Tour Your Town: Fuquay-Varina

One town plus one town equals … Fuquay-Varina.

In Wake County’s most interesting tale of two cities, Fuquay-Varina boasts two historic business districts just minutes apart, and a unique heritage built on railroads, tobacco and a mineral spring discovered in 1858, which drew people from near and far with its promise of healing waters.

Meanwhile, pen pal correspondence between a young Civil War soldier and his “Varina” would lead to their marriage and the establishment of Varina Station, at the crossroads of two timber rail lines.

Today Fuquay-Varina is among the fastest-growing communities in the state. In the midst of that progress, residents preserve its 100-plus-year history and celebrate its special charm.

The Fuquay Mineral Spring Inn & Garden, for example, built in 1927 and a registered Wake County landmark, operates as a bed and breakfast just across the street from Mineral Spring Park, site of the fabled waters. Longtime Mayor John Byrne and his wife own and run the inn.

Walkable blocks of retail and restaurant offerings reflect significant investments made in both districts; Fuquay-Varina Downtown is an accredited National Main Street Program.

They also showcase a blend of well-established and new businesses, such as Ashworth’s Clothing, open since 1937, and Stick Boy Bread Company, opened in 2008.

Fuquay-Varina boasts athletic complexes and pastoral parks, including the Carroll Howard Johnson Environmental Education Park featuring interpretive walking trails and an outdoor amphitheater-style classroom.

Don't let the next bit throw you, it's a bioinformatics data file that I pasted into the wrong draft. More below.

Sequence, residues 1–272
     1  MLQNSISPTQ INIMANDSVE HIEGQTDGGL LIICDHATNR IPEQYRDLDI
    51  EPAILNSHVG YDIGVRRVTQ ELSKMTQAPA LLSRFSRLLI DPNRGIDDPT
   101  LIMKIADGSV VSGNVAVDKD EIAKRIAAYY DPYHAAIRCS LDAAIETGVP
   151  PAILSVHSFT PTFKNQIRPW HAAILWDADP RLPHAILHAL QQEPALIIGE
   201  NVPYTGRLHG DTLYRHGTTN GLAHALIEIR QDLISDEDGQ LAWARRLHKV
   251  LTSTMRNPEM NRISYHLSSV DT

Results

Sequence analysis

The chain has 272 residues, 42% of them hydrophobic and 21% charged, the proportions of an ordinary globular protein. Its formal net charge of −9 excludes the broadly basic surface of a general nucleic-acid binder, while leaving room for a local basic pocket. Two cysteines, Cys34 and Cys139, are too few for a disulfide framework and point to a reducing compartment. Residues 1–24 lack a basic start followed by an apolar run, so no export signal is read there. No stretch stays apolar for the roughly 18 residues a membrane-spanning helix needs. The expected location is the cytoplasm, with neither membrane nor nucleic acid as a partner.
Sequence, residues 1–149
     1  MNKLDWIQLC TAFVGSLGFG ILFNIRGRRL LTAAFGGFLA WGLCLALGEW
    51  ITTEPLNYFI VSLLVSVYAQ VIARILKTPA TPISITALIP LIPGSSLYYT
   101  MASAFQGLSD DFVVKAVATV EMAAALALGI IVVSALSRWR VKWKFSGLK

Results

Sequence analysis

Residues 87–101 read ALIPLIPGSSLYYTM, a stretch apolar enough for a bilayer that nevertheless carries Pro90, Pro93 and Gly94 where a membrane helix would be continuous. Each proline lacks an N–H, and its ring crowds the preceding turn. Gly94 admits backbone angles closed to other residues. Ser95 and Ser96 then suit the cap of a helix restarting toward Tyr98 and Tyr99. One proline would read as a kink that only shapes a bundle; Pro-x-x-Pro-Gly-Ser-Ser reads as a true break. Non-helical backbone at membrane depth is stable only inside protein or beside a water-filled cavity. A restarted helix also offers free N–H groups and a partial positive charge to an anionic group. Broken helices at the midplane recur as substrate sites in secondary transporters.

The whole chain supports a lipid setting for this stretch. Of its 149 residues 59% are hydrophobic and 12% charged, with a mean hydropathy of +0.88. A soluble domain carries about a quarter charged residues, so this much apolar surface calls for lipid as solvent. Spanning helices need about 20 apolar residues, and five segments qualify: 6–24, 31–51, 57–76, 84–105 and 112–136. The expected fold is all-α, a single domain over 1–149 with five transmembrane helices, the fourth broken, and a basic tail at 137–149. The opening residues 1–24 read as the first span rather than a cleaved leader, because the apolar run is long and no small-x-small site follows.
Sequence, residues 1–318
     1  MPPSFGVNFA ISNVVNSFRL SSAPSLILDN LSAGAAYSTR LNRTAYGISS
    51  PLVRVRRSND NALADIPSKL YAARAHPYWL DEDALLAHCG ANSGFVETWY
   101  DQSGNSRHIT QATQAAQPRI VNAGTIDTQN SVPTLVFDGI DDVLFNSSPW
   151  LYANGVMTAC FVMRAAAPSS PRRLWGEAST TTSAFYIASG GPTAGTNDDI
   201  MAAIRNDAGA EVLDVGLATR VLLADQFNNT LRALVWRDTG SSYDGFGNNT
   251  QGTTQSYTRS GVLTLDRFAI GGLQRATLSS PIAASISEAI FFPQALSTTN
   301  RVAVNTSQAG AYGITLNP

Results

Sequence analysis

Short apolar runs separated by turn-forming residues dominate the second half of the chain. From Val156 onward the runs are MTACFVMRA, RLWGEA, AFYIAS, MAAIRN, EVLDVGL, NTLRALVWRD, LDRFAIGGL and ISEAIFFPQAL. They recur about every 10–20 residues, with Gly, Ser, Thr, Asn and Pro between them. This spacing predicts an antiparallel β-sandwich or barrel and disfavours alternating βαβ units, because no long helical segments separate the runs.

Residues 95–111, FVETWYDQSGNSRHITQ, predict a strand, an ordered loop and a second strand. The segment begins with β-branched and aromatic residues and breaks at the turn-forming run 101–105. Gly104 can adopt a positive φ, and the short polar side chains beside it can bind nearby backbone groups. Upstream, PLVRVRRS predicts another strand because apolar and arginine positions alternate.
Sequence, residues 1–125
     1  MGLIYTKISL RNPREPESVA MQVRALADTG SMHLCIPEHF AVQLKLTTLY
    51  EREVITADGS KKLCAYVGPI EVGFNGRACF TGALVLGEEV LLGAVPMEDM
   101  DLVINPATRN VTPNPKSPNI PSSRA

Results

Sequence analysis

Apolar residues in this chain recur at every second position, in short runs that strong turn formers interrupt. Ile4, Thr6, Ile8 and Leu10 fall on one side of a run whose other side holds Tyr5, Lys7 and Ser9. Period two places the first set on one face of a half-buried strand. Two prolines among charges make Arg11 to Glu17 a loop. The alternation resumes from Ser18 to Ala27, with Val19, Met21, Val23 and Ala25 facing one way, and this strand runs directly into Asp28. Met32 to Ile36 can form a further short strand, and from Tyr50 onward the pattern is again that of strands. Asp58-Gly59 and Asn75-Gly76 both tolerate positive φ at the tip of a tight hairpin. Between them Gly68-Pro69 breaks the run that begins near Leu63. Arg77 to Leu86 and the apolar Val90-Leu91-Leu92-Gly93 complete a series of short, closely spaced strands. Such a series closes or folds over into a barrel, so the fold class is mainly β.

The town is also home to events such as the geocaching Tour de Fuquay-Varina; Run the Quay 5K; Celebration of the Arts; and the Day in Downtown festival.


The fascinating story of two towns becoming one can be found at the Fuquay-Varina Museums Complex, a gathering of local historic structures.

Museum volunteer director and retired history teacher Shirley Simmons says the “Squire” Ballentine Schoolhouse first stood near the Mineral Spring and is attributed to J.D. Ballentine, the pen-pal soldier turned schoolmaster.

Unusual in its day for its two-room setup and wooden floors, the schoolhouse features desks and books of the period, and the first diploma issued from Fuquay Springs High School, dated 1922.

Hattie Parker Jones provided the first Fuquay Springs Post Office building when she became postmistress in 1902. Its restoration as a museum by the Fuquay Springs Questers Chapter, a preservation group, won the 2009 Anthemion Award from Capital Area Preservation.

The Centennial Museum, housed in Fuquay-Varina’s 1950s-era municipal building, opened in 2009 as part of the town’s centennial celebration.

Its treasures include an 1898 organ believed to be a wedding present to railroad Dr. J.M. Judd, a hog killing vat that belonged to barbecue legend Henry Rawls, and even the mid-1800s tombstone of schoolteacher Virginia Arey Ballentine, aka Varina.

Medical equipment from the offices of Dr. Wiley S. Cozart Jr. and his son, Dr. Wiley Holt Cozart, known for progressive work in neonatal care, is on display.

Newly opened to the public is a block of 1950s-era jail cells, part of an exhibit on Fuquay-Varina’s fire and police departments. Upcoming exhibits will include ladies’ period dresses.

Simmons says the museum serves as a research center, as family genealogies, annuals and scrapbooks are compiled. Plans call for land behind the museums to be developed with caboose, tobacco barn and railroad items, for public demonstrations.

“There’s a lot of history here,” Simmons said.

Fuquay-Varina Museums Complex
131 S. Fuquay Ave.


Belly up to the lunch counter at Elliotts Pharmacy, and try the famous homemade pimiento cheese sandwich.

The counter stools swivel and the menu still features the secret recipes of the late “Miss Sally” Fitzhugh, a longtime Elliotts employee.

The oldest drugstore in town, Elliotts opened in 1914 and has been in this Main Street location since 1918. It’s currently operated by the Holleman family, including Curtis and Kitty, son Edwin and daughter Kathy Arnold.

Patrons most often choose “the big four” homemade options on the lunch menu, note the siblings, namely the fresh pimiento cheese, chicken salad, orangeades and milkshakes.

Other hits include egg salad, soups and BLTs. Classic ice cream flavors and an eye-level candy counter complete meals for young and old.